How Does Indoor Positioning System Work
Indoor GPS Tracker Technology Could Change Rescue Work
GPS trackers are small devices that receive satellite signals from space resulting in highly accurate positional data for their users. This locational data can be used for numerous applications related to personal safety from teen driving management to vehicle fleet management. It is also the reason why so many police departments, fire departments, ambulance companies, and other first responders all choose to equip automobiles with GPS tracking devices. With all of the positive things, GPS systems offer the technology itself still has some limitations. These limitations include signals from orbiting satellites being unable to go through concrete and different forms of metal. However, that may all change if the claims from a company called Cambridge Consultants are true about the development of a product that can determine locational data of a person or asset indoors, and this is something that could be critical to saving lives in rescue situations.
GPS tracking devices have been evolving and advancing ever since consumer-grade versions of the units hit the market. Unfortunately, being able to determine with accuracy the position of an object or person indoors has been a hurdle GPS simply has struggled to clear. Looking to develop a solution capable of providing emergency personnel the ability to locate any person or asset located indoors, Cambridge Consultants has allegedly now accomplished that goal with a product that uses sensors and internal algorithms when GPS is no longer effective. Using power-efficient circuitry and affordable sensors, the tracking device would be able to transmit with accuracy it’s location inside almost any building or infrastructure. The new indoor GPS tracker was also manufactured to be small enough in size for a person to wear on their belt or inside of a pocket/purse.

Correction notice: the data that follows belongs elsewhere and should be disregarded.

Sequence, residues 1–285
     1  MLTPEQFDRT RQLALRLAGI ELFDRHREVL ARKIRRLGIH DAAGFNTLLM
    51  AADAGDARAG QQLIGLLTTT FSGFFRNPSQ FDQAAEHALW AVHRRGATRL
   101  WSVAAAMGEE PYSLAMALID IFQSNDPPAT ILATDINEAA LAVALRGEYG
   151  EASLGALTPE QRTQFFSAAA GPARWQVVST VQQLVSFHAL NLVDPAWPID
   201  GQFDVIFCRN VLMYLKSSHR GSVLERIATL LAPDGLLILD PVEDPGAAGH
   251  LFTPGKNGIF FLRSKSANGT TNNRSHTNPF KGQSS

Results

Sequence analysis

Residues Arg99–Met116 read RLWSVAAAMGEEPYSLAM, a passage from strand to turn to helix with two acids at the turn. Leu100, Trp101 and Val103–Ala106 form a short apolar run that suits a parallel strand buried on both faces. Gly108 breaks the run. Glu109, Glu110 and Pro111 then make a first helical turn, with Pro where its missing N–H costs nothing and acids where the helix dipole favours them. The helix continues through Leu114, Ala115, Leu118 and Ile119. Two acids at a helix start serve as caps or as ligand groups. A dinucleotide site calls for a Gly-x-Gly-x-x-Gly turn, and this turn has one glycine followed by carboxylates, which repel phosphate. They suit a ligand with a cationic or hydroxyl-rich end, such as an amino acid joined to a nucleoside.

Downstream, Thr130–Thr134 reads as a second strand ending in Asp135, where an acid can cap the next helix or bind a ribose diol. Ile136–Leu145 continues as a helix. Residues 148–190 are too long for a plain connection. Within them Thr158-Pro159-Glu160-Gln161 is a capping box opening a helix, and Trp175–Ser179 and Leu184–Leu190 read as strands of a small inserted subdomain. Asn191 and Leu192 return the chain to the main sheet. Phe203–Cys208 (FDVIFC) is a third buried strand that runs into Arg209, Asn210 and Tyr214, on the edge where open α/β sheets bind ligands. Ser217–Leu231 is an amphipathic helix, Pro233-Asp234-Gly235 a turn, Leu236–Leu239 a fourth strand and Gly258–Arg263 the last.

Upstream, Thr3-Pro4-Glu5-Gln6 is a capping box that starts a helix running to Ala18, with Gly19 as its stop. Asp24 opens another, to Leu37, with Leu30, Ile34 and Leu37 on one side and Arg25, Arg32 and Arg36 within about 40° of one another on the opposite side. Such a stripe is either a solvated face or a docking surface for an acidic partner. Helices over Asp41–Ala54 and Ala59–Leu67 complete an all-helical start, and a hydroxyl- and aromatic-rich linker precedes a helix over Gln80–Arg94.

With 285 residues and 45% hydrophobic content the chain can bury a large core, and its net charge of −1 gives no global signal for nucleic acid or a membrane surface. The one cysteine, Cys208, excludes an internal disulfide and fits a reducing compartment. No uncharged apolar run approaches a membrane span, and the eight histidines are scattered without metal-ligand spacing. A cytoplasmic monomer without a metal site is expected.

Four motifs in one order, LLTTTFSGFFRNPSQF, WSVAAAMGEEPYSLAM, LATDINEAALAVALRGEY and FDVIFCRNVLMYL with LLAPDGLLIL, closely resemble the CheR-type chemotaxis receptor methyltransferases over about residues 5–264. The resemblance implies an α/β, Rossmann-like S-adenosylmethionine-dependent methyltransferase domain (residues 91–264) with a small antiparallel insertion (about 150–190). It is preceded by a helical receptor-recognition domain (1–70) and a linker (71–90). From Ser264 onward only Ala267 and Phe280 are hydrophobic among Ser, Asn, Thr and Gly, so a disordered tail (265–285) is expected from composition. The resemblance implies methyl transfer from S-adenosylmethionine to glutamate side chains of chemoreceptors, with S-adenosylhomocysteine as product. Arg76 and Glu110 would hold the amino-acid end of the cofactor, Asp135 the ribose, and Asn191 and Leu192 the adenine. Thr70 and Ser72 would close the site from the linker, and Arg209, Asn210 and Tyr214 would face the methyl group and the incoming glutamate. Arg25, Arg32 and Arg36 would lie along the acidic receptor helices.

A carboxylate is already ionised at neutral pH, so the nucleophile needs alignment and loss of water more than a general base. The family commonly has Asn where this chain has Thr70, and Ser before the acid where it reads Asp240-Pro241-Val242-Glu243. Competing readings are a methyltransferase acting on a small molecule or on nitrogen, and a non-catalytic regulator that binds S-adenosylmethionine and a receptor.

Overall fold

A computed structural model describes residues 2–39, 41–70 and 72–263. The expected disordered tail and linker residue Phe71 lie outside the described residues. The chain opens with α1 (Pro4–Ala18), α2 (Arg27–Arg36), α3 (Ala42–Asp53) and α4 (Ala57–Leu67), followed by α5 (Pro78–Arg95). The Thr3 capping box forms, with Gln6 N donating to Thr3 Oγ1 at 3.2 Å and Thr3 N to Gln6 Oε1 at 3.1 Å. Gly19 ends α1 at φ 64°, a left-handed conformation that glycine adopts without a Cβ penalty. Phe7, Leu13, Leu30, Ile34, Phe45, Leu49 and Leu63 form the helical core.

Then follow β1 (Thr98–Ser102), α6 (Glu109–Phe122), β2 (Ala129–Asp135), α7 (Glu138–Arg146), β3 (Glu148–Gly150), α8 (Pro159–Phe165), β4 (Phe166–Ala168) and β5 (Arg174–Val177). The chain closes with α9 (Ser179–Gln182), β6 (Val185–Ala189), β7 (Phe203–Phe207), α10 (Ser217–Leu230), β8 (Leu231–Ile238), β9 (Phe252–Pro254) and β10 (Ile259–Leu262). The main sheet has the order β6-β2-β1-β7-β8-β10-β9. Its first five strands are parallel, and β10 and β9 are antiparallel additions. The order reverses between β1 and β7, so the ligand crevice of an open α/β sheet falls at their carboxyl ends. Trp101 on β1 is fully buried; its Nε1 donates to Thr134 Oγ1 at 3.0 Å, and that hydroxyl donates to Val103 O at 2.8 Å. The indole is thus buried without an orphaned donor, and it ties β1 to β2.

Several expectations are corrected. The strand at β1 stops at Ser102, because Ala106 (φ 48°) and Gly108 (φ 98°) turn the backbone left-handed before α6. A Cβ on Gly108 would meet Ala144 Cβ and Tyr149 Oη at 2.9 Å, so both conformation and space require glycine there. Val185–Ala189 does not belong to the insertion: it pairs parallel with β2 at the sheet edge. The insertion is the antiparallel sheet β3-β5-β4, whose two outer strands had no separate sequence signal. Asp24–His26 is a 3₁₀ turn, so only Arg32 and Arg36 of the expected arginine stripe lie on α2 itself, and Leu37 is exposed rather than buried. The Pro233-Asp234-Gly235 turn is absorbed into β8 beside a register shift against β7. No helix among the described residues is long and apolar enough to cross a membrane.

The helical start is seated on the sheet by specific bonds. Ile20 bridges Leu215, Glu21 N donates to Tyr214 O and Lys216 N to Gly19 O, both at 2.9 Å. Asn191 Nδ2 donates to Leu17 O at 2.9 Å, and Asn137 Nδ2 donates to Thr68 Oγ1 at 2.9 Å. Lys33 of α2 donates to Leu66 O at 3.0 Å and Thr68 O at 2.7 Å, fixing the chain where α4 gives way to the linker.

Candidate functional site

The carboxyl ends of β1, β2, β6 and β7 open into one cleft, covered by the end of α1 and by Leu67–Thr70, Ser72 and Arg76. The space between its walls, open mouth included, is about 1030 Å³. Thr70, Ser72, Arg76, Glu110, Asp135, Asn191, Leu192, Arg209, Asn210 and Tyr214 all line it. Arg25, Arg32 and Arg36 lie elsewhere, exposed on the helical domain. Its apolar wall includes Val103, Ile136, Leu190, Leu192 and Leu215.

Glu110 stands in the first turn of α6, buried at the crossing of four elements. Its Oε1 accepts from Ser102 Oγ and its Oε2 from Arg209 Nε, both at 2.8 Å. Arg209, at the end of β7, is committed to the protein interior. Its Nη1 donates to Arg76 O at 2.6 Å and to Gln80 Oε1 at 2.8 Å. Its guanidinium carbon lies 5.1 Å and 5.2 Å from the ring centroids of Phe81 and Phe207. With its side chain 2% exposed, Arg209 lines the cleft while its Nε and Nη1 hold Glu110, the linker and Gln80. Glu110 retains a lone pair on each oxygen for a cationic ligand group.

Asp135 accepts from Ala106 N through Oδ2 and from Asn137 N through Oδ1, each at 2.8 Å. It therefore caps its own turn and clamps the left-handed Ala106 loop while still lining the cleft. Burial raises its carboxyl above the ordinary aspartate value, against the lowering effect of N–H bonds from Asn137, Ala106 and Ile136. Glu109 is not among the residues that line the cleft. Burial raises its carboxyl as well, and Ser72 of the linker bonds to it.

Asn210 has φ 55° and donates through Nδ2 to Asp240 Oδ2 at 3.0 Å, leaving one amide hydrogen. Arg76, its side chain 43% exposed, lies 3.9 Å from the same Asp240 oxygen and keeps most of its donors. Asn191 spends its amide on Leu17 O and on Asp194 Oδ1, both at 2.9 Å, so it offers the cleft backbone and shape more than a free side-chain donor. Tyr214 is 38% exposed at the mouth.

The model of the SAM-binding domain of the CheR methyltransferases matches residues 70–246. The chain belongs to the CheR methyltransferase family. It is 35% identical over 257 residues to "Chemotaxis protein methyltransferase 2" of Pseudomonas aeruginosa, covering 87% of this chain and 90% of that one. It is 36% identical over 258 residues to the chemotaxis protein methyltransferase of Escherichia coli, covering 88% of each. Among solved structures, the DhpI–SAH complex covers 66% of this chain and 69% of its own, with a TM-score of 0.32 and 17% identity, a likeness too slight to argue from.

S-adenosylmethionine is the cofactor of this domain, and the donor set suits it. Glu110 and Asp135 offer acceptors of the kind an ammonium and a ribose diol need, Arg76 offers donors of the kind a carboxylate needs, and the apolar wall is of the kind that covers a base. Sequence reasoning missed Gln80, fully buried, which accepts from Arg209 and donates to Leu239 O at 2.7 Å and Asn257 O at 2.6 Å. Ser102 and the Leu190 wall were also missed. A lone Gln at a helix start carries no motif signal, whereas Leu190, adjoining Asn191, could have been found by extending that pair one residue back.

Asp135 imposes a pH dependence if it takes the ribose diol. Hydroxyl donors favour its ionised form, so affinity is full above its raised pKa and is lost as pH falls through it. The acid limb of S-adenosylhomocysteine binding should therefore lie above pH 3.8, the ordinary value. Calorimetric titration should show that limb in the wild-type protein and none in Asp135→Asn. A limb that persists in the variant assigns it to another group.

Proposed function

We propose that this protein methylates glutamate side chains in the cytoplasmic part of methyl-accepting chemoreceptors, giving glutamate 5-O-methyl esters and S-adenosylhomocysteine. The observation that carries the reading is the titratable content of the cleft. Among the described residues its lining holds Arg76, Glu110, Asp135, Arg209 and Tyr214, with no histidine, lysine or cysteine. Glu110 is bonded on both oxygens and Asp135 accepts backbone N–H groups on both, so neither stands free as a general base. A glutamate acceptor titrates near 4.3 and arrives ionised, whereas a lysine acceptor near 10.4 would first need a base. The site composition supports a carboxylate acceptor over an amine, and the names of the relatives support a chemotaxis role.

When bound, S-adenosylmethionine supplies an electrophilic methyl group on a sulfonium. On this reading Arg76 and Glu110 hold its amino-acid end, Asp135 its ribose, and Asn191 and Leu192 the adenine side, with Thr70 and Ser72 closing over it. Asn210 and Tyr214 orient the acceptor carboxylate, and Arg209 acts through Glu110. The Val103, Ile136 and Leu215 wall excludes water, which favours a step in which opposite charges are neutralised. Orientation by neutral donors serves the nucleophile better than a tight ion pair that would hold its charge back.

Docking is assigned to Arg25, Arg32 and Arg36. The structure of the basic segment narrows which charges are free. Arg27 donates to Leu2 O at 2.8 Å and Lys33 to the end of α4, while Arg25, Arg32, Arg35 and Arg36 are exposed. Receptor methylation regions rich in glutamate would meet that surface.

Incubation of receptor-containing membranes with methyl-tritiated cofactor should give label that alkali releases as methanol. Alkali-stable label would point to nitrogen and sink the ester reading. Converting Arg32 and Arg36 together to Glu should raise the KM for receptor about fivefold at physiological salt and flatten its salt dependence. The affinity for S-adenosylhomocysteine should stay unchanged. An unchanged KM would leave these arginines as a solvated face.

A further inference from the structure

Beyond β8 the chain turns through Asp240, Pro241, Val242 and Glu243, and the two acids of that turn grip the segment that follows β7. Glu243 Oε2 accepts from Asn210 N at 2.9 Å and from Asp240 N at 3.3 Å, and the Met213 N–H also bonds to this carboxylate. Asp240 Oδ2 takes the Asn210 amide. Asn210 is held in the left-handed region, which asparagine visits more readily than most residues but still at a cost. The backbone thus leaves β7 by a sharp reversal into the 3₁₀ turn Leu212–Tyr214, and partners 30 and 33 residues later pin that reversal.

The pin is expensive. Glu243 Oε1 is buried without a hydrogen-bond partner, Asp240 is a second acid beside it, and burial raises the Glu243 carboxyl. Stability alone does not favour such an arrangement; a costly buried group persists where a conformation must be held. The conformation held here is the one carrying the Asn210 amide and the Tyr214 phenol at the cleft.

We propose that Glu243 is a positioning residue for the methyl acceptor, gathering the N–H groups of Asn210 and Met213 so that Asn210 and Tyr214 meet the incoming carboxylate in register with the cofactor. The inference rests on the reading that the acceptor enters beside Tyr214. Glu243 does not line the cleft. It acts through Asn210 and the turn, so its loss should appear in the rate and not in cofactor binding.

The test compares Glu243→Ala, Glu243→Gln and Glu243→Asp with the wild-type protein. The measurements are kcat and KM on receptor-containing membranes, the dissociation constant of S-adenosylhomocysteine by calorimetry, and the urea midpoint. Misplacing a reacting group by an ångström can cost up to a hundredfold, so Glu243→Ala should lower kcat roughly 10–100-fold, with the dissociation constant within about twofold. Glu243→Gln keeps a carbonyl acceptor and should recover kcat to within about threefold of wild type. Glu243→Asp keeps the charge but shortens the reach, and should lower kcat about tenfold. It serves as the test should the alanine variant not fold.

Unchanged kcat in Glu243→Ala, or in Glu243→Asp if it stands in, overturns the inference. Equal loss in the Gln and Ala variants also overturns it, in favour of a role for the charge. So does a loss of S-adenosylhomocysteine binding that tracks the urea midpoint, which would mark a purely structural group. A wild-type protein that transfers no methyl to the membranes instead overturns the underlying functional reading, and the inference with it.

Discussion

When asked about how the indoor GPS tracker could enhance safety, a rep for Cambridge Consultants explained how the tracking device could be utilized to help locate fire crews in smoke-filled homes or buildings. Abandon buildings and house fires can put firefighters in harm’s way, but even in conditions where smoke and confusion are prevalent, the GPS device could provide the locational data necessary to save lives.
Personal tracking devices that call upon various sources to determine positional data have been used in the past, but most of these trackers are using radiofrequency, weak GPS signals or some form of Wi-Fi technology. However, with more smartphones being manufactured and GPS tracking technology advancing, many components have substantially dropped in cost. That means components such as pressure sensors, magnetometers, gyroscopes, cellular data modules, and other items can now be combined with existing technologies to create a cost-effective tracking solution capable of monitoring a person or object inside of a building. Most importantly, this form of real-time GPS tracking will be financially feasible for small businesses and families once it debuts on the consumer market. No timetable has been set when Cambridge Consultants will launch the new indoor GPS tracker, but there is no doubt if the GPS personal tracker indeed is capable of meeting the manufacturer claims that it will be a valuable tool. Hopefully, a tool that can boost safety and save lives.